Since I suffer from year-round allergies (perennial allegies), this is a timely blog entry. A number of people suffer with seasonal allergies caused by exposure to airborne substances (pollens).
Seasonal allergies occur only during certain times of the year: spring, summer and fall. Listed below are recommended tips from the American Academy of Allergy & Asthma Immunology (AAAAI):
- Do a thorough spring cleaning that includes curtains, rugs, windows, bookshelves, and air conditioning vents—this helps remove accumulated dust and mold.
- Keep windows closed at night to prevent pollens and mold from drifting into your house.
- When possible, use air conditioning, which cleans, cools, and dries air in your home and car.
- Avoid outdoor activities between 5 a.m. and 10 a.m.— this is the prime time for pollen emission.
- When traveling, keep the car windows up and the air conditioning on.
- Minimize outdoor activity when the weather is hot, dry, and windy.
- Avoid hanging laundry out to dry—pollen and mold collects on them.
- Remove pollen and mold from your hair and skin with a daily shower before bed.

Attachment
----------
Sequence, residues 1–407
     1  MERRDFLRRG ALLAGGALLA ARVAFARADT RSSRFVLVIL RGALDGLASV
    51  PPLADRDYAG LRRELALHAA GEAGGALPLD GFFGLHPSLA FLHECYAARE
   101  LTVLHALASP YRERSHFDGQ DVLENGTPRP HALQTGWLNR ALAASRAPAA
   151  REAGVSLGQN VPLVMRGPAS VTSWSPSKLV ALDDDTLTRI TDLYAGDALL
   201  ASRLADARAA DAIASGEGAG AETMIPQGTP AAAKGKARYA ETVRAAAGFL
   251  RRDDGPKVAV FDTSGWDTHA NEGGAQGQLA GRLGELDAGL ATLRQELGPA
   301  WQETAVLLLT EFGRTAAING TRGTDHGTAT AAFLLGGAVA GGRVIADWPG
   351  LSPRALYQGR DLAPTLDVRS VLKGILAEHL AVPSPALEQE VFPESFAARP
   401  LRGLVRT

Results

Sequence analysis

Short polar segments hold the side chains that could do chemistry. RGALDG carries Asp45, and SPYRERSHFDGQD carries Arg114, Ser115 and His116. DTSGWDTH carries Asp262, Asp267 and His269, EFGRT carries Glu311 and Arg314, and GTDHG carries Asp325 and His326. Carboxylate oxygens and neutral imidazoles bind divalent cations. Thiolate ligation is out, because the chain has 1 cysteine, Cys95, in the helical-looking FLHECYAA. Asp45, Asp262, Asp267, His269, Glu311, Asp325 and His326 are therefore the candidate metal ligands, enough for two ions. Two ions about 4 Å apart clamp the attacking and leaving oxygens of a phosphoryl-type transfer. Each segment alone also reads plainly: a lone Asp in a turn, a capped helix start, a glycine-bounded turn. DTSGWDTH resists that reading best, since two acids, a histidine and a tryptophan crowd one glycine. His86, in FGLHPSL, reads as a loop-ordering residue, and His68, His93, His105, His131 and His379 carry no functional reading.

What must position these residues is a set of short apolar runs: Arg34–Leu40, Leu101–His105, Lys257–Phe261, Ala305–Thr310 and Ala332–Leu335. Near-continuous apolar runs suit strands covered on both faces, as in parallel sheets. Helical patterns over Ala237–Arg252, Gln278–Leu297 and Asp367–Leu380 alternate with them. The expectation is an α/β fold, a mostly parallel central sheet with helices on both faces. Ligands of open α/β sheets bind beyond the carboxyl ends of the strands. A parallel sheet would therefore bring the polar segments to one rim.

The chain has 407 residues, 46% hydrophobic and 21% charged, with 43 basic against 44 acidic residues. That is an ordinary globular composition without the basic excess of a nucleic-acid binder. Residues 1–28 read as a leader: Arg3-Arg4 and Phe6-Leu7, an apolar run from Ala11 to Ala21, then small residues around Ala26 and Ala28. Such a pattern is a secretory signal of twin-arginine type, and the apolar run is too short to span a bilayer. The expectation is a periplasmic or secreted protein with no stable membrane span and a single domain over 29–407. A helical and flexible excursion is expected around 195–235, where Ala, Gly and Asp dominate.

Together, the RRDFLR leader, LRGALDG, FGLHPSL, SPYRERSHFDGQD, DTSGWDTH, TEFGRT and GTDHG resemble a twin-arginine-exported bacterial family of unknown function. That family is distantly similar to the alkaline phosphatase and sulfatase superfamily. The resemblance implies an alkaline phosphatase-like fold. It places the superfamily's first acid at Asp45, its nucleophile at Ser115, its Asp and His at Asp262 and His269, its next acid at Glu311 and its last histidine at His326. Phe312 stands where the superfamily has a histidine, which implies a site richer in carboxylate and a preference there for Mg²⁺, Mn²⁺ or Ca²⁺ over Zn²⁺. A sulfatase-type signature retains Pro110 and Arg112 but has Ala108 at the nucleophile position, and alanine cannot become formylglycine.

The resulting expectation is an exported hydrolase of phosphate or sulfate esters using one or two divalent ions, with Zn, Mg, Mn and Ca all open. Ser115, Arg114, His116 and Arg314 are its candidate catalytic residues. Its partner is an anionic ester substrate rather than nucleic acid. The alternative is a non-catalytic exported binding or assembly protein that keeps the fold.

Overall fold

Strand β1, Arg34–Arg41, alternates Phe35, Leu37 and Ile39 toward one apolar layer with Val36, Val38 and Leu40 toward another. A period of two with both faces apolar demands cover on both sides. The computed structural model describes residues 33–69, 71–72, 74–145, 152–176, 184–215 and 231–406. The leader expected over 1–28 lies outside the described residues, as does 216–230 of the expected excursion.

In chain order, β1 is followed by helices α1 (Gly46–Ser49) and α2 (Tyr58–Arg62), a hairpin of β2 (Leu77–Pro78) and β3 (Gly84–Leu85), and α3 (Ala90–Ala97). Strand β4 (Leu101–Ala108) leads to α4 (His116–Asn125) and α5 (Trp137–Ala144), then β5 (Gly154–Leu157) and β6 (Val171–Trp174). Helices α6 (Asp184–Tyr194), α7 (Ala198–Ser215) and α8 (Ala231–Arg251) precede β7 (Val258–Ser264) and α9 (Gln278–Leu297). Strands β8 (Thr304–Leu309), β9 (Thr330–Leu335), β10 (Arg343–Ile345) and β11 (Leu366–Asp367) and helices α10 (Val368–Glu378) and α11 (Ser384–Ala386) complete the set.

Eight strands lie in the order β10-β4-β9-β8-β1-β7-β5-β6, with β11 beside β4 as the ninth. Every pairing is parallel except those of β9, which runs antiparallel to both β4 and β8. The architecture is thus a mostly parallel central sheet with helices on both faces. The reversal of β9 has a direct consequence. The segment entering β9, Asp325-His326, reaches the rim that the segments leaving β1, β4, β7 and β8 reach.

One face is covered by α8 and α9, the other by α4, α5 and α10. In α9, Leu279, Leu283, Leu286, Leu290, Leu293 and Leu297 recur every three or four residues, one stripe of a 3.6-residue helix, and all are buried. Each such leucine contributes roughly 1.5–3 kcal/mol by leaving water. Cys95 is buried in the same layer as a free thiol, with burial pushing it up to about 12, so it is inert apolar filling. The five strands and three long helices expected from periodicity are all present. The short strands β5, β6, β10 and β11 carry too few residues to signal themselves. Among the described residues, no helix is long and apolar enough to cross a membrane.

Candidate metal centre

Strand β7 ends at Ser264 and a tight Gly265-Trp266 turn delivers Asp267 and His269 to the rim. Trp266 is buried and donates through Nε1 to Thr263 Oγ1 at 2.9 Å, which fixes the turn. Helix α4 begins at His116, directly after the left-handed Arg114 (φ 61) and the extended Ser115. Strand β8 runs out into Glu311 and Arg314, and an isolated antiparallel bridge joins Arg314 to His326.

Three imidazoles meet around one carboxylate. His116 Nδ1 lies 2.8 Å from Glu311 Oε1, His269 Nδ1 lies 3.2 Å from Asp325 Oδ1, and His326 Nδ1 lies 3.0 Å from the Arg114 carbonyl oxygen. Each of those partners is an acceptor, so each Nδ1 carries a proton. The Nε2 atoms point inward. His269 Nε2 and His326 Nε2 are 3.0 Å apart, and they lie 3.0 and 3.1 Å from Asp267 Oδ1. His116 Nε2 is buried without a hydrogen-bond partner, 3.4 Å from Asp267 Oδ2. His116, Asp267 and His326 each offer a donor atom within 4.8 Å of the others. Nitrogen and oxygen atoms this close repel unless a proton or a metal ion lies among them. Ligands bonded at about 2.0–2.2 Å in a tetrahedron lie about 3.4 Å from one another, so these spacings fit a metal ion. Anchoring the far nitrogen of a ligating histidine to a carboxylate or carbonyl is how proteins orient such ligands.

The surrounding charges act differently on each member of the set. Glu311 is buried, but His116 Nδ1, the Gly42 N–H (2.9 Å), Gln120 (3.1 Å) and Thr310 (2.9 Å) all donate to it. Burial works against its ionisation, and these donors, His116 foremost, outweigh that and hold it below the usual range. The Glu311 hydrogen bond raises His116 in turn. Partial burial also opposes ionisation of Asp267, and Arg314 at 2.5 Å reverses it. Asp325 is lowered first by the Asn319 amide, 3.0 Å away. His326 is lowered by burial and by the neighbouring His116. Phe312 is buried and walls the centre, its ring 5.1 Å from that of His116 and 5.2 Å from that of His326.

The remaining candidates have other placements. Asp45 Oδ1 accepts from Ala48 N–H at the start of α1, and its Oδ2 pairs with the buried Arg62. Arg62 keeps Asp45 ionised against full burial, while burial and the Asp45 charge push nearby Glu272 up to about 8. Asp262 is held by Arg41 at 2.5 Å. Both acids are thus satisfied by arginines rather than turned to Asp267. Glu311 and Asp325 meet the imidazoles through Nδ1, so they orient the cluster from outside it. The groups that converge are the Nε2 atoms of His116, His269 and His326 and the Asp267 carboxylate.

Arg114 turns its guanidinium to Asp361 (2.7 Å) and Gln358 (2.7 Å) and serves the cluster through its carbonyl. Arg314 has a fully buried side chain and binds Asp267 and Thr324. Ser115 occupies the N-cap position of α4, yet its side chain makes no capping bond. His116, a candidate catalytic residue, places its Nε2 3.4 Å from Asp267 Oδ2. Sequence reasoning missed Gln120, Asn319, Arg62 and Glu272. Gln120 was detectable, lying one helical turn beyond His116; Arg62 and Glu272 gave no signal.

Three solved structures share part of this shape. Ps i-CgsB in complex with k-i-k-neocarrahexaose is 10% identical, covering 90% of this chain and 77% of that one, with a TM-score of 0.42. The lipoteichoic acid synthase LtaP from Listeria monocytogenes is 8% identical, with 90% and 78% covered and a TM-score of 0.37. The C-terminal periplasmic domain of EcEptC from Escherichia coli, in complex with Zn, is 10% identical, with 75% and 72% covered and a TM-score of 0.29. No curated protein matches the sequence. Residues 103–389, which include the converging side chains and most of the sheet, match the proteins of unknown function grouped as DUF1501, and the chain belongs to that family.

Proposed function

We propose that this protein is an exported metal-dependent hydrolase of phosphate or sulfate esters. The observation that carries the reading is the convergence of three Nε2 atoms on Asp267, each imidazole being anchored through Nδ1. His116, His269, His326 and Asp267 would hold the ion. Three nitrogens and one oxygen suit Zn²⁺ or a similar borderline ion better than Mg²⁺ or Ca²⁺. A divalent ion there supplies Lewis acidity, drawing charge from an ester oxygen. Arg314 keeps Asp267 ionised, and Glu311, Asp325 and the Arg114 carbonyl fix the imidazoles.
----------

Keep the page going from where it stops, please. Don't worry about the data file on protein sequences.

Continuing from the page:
- Use a filter mask when you mow your lawn or rake leaves.
Here is a list of books in the JCLC collection on allergies and asthma to help you make it through the allergy seasons.
If symptoms are severely affecting your daily life, you may want to consult an allergist or immunologist. These specialists can pinpoint theallergens causing your symptoms and develop a management plan that may include environmental adjustments in your work or living space and prescription medications, which are more effective and better tolerated than over-the-counter remedies. To find a specialist in your area and learn more about seasonal allergies, visit AAAAI’s website.
Submitted by Felita Y. Hawkins
East Lake Library